Data: RSS SMAP Salinity V5

Remote Sensing Systems (RSS) Version 5 (V5) sea surface salinity processing is based on an updated version of SMAP antenna temperatures. RSS SMAP V5 data now include formal uncertainty estimates for all retrievals and, in gridded Level-3 (L3) products, ancillary wind speeds and integrated rain-filtered fields. V5 directly ingests higher-resolution (0.25°) ancillary atmospheric data. It also uses new sea-ice flags, sea-ice corrections, and an updated land correction threshold. As before, the standard product of the SMAP V5 release is the smoothed product with a spatial resolution of approximately 70 km. In terms of open ocean scenes, there are little to no changes with respect to Version 4 (V4) processing.

Note: The content of this page covers SMAP data processing by RSS as opposed to SMAP data processing by JPL.

Formal Uncertainty Estimates

SMAP V5 provides formal uncertainty estimates in its 40-km resolution and 70-km resolution smoothed products. This includes both L3 gridded and Level-2 (L2) swath data files. Formal uncertainties are derived by running perturbed retrievals and determining the sensitivity to various error sources, x.


Included error sources:

  • SMAP radiometer noise (“NEDT”)
  • Ancillary wind speed
  • Ancillary wind direction
  • Ancillary SST
  • Reflected galaxy
  • Land contamination
  • Sea-ice contamination

New Sea-Ice Flagging and Correction

As opposed to previous versions that used information from ancillary sea-ice products, V5 sea-ice flags and sea-ice corrections are based on direct ingestion of brightness temperature (TB) data from the Advanced Microwave Scanning Radiometer 2 (AMSR-2). V5 also includes a new ice mask that defines sea-ice zones and detects large drifting icebergs. Learn more from Meissner & Manaster, 2021


Basic flow of SMAP Sea-Ice Detection and Correction Algorithm. The blue pathway depicts SMAP processing from the antenna temperature to L3 gridded sea surface salinity data. Green pathway depicts the flow of AMSR-2 data into SMAP’s V5 ice-flagging. Red arrows show the introduction of ancillary data from Cross-Calibrated Multi-Platform (CCMP), National Centers for Environmental Prediction (NCEP), Canadian Meteorological Center (CMC), and Integrated Multi-satellitE Retrievals (IMERG).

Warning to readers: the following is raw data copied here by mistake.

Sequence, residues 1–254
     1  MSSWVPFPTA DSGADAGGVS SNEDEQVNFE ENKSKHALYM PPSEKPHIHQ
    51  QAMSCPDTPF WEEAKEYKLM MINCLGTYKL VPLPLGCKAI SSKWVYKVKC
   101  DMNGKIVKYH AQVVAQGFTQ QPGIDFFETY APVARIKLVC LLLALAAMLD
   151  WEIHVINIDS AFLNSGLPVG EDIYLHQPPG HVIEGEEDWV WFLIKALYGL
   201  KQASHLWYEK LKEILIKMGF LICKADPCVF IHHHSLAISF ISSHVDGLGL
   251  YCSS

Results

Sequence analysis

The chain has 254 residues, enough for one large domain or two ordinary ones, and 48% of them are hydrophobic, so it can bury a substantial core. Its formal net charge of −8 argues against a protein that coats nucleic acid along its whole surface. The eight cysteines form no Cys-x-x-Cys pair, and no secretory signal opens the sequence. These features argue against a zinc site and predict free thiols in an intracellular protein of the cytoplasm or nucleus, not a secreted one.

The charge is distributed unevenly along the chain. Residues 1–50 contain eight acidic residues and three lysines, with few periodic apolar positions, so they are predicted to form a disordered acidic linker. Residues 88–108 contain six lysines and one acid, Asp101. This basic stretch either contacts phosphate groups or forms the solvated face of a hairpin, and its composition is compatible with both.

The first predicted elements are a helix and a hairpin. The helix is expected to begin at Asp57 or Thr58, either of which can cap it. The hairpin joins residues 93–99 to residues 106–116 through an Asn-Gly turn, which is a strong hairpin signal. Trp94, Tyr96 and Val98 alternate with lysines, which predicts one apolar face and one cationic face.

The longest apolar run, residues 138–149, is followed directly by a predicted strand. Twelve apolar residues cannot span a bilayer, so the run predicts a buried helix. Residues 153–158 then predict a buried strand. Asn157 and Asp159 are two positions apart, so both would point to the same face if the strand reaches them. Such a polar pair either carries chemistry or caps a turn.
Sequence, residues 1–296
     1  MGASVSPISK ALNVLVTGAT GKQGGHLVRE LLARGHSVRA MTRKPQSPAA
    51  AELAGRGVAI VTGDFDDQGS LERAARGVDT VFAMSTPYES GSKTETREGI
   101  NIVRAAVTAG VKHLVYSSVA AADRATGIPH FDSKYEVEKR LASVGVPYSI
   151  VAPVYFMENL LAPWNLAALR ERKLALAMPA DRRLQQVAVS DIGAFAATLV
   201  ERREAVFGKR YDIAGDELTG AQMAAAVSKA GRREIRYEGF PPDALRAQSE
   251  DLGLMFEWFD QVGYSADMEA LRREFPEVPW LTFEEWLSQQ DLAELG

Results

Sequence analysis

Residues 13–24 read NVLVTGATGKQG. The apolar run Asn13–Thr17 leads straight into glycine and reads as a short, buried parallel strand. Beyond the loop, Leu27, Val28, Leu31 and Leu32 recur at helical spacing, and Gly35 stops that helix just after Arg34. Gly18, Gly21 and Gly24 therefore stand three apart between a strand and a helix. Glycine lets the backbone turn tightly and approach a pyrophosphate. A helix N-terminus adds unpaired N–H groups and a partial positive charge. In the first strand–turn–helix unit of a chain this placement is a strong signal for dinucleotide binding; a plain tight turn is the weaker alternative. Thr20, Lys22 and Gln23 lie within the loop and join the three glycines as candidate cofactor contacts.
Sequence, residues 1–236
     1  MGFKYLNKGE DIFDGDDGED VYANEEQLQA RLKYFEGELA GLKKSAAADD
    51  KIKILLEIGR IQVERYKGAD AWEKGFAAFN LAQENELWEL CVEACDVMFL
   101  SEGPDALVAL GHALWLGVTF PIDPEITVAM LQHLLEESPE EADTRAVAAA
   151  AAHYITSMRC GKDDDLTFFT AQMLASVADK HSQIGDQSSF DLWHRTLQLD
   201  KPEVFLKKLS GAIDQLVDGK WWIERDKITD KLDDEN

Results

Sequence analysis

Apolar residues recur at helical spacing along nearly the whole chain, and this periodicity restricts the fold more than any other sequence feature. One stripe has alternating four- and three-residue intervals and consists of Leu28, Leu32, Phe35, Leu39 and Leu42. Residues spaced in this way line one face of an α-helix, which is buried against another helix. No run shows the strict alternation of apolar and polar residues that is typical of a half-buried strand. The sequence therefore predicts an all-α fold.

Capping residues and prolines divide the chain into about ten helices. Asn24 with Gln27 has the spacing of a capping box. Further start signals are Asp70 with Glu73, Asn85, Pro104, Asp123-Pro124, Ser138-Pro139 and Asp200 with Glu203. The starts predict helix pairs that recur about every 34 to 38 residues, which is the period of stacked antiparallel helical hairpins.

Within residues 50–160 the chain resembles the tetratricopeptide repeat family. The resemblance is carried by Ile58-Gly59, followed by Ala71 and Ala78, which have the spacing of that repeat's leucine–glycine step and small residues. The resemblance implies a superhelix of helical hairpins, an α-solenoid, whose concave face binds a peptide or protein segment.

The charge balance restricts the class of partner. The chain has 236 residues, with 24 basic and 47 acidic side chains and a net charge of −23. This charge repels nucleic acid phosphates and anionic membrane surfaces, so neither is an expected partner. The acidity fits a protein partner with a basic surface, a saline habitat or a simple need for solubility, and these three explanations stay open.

Ancillary Data

Atmospheric Fields & Cloud Liquid Water

The RSS SMAP salinity retrieval algorithm needs to correct for the atmosphere between the satellite and earth’s surface.

V5 uses ancillary 0.25° atmospheric data products provided by NCEP. These fields include temperature, pressure, and relative humidity. V4 and earlier had used NCEP 1° products for this purpose.

For V5 cloud liquid water calculations, NCEP’s 0.25° cloud water mixing ratio profiles and L-band (i.e., SMAP radiometer frequency) liquid water absorption data are used. V4 and earlier used the IMERG rain rate, transformed into cloud liquid water.

Integration of Wind Speed & Rain Filter Info

For V5, 8-day and monthly L3 data files contain some information that was distributed as separate data files in earlier processing versions. V5 continues to use the same wind model as before, CCMP gridded surface vector winds. However, the aggregate wind speed average has been integrated into L3 files. Likewise, rain filtered 70-km sea surface salinity fields are now included as additional fields in L3 files. For V4 and earlier, they had been provided as separate ‘rain-filtered’ (RF) files.

Land Correction

Two key values related to land correction are fland, defined as the land fraction within the SMAP footprint and gland, defined as the gain-weighted land fraction. In the V5 smoothed 70-km product, the “moderate land contamination” threshold for fland has been increased to 0.005 (from 0.001 in V4). This change impacts land-contaminated observations such as those related to small islands.

Note that the land correction is not applied if the values of either gland or fland exceeds 0.1, which is defined as “strong” land contamination. Also, the threshold value of gland, remains the same as V4 (i.e., >0.04). Learn more about SMAP Land Correction


Dinnat, E. and Brucker, L. (2016). Improved Sea Ice Fraction Characterization for L-Band Observations by the Aquarius Radiometers, IEEE Transactions on Geoscience and Remote Sensing, doi: 10.1109/TGRS.2016.2622011.

Meissner, T., and Manaster, A. (2021). SMAP Salinity Retrievals near the Sea-Ice Edge Using Multi-Channel AMSR2 Brightness Temperatures, Remote Sensing 13(24), 5120, doi: 10.3390/rs13245120

Meissner, T., Wentz, F.J., and Le Vine, D.M. (2017). Aquarius Salinity Retrieval Algorithm Theoretical Basis Document (ATBD), End of Mission Version; RSS Technical Report 120117; 1 December 1 2017. Available online.

Meissner, T., Wentz, F.J., and Le Vine, D.M. (2018). The Salinity Retrieval Algorithms for the NASA Aquarius Version 5 and SMAP Version 3 Releases, Remote Sensing 10, 1121, doi: 10.3390/rs10071121.

Wentz et al. (2014). Remote Sensing Systems GCOM-W1 AMSR2 Daily Environmental Suite on 0.25 Deg Grid, Version 8. Available online.

The basic steps of the SMAP salinity retrieval algorithm. They have been adapted from the Aquarius Level 2 Version 5.0 (final release) salinity retrieval algorithm and configured for SMAP (Meissner et al. 2017, 2018).
Global sea surface salinity, April 2019
Percentage of SMAP samples flagged as radio frequency interference, August 2019